Music and rain: one can’t help but admire the facility with which Indian filmmakers depict the onset of monsoons, the late-summer miracle of water returning to earth. In Satyajit Ray’s Pather Panchali, you expect to see water overflowing from the pond where the protagonist Apu and his older sister, Durga, take their daily baths, but no, Ray captures the season’s first drops falling on the bald pate of a man idling by the edge of the lake. We’re in rural Bengal, miles away from the Art Deco buildings of south Bombay in Drishti, and yet classical music is again the threnody to a clutch of wordless moments, the inclement weather within. Any other director would have fretted that the mellow sound of Ravi Shankar’s sitar doesn’t quite work with the prophetic shot of Apu and Durga darting past a field without an umbrella, or the tragic instant when their mother, unable to make ends meet, steals fruit from a neighbour’s yard in the rain. These moments unfold on screen, however, with a naive insouciance, as though Apu had been dreaming them up in the first place.

Bollywood movies, too, can be oddly persuasive with their rain sequences, so long as you aren’t just watching a flamboyantly dressed couple gyrating between trees. Recently I watched Manzil with a friend and we were both very impressed that for once Amitabh Bachchan wasn’t flopping to his knees in the middle of the road when the obligatory rain song came on. Instead of a posse of supporting dancers mimicking the protagonists’ every move, we see a shy couple, dressed respectively in a suit and a sari, hold hands and walk along the promenades of Bombay on a damp afternoon. There are no blunt displays of affection: the woman chastely rests her head on the man’s wet shoulders during the song’s final refrain. “This is how I imagine my parents dating,” my friend told me. “Never kissing—just walking around south Bombay in the rain.” I wondered about his own celluloid fantasies of romance. They were probably not too different from mine, and again had something to do with south Bombay and the rains. Did he picture something along the lines of a sequence in Dahek where a Hindu boy and a Muslim girl agree to meet up at a colonial-era church and daydream about being shadowed by each other as the girl splashes around a puddle with a group of schoolkids, and the boy drops by a corner store to buy some flowers? Or perchance something similar to the climax of Wake Up Sid where a baby-faced Ranbir Kapoor ends up getting drenched at Marine Drive and also confesses his feelings for an older friend?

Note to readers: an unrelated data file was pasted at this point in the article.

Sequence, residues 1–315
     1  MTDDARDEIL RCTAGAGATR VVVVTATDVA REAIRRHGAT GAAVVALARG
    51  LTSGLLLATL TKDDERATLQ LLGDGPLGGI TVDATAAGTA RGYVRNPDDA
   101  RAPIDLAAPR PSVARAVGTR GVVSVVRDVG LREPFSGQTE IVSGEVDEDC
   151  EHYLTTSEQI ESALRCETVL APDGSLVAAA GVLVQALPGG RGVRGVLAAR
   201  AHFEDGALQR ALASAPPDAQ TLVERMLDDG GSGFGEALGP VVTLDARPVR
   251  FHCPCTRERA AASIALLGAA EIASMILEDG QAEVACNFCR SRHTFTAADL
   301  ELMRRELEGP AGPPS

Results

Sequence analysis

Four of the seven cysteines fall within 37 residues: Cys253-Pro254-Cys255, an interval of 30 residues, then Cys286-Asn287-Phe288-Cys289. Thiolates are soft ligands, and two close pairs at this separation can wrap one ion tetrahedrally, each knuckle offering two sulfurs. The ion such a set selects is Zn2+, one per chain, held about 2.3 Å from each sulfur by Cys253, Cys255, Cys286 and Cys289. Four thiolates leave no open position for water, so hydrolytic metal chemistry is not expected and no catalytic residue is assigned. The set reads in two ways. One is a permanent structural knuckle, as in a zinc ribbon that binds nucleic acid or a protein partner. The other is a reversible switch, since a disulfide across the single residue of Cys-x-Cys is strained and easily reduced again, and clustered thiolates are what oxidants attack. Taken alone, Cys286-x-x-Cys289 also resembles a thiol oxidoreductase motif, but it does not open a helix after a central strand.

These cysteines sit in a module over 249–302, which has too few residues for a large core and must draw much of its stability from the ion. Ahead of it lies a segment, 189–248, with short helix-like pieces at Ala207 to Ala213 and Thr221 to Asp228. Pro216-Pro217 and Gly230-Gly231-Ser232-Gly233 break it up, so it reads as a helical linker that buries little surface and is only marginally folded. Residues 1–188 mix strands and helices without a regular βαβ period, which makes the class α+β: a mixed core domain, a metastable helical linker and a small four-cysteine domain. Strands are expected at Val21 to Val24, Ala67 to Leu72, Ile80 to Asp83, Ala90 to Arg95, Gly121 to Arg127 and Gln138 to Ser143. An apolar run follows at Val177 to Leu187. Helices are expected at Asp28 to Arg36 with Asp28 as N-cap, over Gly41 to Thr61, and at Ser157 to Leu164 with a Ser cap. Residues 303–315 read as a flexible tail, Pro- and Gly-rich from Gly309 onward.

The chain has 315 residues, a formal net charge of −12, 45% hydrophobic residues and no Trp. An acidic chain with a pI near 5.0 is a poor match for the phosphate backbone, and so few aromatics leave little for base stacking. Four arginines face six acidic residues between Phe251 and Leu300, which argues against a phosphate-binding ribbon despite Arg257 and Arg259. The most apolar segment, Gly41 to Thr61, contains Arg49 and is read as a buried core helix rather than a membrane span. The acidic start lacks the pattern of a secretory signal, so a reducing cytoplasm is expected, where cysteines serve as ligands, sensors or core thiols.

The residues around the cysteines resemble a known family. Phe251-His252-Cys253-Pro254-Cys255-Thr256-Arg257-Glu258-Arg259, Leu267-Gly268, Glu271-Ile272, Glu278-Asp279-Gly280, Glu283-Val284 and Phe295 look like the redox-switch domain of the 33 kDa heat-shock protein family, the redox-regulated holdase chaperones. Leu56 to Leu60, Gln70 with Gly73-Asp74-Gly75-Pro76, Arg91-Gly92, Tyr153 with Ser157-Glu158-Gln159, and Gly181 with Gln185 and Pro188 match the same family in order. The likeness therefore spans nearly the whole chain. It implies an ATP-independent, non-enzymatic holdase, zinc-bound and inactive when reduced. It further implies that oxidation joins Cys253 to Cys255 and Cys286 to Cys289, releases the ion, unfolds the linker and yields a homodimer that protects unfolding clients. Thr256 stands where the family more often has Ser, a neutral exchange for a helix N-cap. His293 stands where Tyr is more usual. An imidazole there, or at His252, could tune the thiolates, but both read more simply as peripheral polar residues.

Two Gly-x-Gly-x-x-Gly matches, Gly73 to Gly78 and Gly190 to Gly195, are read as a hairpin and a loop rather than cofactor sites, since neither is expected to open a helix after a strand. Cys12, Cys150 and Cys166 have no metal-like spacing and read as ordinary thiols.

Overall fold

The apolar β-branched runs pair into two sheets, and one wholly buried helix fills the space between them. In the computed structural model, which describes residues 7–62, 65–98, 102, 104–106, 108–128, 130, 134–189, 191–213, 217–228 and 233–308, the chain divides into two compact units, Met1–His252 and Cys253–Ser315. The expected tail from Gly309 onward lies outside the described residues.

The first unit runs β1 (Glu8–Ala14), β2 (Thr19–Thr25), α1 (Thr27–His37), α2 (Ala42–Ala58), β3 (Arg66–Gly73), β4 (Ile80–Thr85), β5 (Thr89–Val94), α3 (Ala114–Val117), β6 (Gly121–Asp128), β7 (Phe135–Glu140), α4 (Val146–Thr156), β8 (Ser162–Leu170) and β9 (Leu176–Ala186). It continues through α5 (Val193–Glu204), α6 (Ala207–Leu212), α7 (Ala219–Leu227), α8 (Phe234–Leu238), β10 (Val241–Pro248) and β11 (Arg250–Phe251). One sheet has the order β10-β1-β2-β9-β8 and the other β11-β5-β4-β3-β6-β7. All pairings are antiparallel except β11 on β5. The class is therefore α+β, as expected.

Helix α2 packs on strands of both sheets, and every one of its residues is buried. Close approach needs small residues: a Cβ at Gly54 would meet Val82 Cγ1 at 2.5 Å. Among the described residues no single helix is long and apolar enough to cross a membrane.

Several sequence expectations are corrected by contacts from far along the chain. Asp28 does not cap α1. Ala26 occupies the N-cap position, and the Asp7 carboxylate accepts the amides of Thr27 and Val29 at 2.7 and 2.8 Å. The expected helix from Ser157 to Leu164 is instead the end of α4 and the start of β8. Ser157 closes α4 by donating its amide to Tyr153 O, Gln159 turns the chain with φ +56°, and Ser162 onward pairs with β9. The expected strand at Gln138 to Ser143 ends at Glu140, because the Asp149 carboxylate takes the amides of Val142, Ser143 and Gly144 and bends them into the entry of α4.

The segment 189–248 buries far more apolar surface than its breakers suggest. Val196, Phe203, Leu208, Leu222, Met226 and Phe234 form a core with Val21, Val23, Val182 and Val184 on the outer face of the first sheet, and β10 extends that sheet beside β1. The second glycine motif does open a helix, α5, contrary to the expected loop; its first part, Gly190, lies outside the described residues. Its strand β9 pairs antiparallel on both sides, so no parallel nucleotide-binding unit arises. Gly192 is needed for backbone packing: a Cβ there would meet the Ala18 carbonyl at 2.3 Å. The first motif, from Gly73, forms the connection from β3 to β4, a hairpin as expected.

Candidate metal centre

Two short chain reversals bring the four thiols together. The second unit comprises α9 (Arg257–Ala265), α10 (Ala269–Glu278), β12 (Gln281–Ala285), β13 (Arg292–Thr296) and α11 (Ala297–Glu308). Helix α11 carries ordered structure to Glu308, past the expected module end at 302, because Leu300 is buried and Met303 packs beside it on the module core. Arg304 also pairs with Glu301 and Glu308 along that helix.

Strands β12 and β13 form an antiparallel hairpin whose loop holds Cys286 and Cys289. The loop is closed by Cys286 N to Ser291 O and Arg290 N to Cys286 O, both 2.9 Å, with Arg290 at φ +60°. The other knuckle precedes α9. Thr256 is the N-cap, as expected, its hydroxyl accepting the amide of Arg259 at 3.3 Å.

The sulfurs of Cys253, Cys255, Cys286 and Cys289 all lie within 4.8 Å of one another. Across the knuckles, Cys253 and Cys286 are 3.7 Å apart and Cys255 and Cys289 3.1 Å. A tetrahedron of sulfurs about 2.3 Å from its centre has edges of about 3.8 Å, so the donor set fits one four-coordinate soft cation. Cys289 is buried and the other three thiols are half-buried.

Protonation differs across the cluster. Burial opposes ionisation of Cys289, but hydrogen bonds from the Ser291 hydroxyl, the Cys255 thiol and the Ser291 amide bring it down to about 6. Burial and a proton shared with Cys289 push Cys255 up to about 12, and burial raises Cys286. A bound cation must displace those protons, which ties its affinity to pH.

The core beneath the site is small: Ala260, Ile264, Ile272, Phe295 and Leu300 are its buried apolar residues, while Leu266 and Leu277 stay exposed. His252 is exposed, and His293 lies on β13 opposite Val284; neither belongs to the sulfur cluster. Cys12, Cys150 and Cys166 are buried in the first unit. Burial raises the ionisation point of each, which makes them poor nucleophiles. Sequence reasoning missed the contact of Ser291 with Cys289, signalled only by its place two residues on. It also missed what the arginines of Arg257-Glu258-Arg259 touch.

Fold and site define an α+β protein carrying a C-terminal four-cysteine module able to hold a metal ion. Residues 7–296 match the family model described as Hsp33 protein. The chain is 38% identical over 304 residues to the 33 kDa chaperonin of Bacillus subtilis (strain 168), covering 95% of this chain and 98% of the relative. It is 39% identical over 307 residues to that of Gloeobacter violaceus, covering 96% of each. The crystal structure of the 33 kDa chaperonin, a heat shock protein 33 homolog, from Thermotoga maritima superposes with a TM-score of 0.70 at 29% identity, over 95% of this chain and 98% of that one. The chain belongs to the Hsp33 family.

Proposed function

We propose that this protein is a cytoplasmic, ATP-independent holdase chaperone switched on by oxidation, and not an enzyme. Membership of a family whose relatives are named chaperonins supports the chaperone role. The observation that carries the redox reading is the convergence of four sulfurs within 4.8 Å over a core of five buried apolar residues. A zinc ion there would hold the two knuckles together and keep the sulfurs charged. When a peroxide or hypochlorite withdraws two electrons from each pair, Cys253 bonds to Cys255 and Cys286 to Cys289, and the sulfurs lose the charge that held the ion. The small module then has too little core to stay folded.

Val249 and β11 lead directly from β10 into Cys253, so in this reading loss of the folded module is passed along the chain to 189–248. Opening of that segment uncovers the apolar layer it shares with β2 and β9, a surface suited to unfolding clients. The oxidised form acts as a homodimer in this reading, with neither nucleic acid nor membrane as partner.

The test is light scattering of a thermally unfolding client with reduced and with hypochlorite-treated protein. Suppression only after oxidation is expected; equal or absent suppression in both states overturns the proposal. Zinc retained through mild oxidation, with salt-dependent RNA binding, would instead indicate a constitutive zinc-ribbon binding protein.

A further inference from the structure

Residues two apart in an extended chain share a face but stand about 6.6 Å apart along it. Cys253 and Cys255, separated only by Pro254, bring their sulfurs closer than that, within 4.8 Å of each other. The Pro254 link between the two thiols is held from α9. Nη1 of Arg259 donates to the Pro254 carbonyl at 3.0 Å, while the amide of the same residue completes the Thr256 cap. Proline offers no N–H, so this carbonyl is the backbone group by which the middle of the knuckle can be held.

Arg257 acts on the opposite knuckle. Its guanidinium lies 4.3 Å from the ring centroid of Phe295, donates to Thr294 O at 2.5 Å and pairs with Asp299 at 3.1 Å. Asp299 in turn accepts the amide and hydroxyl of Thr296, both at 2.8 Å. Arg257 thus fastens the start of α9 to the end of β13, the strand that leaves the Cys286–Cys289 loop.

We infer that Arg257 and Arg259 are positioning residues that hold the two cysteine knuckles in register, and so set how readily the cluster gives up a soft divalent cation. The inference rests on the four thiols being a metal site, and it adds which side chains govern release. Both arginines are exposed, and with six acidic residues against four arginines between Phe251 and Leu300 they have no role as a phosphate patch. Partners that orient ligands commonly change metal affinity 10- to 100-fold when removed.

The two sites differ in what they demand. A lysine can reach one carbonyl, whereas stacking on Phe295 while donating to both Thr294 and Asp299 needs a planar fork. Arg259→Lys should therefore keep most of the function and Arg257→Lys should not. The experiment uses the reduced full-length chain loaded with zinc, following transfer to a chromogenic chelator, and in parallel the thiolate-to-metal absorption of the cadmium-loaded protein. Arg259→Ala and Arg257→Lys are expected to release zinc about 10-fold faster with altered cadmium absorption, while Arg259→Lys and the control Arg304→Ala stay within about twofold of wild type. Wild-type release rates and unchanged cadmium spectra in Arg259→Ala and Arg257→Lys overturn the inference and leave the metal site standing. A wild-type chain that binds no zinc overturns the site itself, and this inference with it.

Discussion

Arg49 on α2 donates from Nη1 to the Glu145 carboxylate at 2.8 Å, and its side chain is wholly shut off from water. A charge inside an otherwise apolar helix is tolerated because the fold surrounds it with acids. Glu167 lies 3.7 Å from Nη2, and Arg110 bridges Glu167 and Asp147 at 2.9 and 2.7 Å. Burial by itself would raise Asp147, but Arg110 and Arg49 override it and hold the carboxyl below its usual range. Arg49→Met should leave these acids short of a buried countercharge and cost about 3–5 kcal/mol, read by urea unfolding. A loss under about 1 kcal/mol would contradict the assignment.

Despite sitting through The Notebook and Breakfast at Tiffany’s multiple times, their famous rain scenes always strike me as inappropriate. After all, you want to see white people kissing with the snow faintly falling outside a window in the background, not while chasing each other in the rain. Audrey Hepburn might be trying her utmost to summon some intensity, but I still have trouble believing that the director ever shared an umbrella with a stranger, or rescued a lover’s cat from a flooded alley. There is a formal obliqueness to rainy days that is at odds with the chatty ethos of Hollywood love stories. You end up being stuck somewhere; you don’t get much done. You’d rather not talk to anyone. But then you catch yourself humming a song.

Abhrajyoti Chakraborty has written for The Guardian, The New Yorker and The New York Times Magazine. He was a Provost's fellow at the Iowa Writers' Workshop.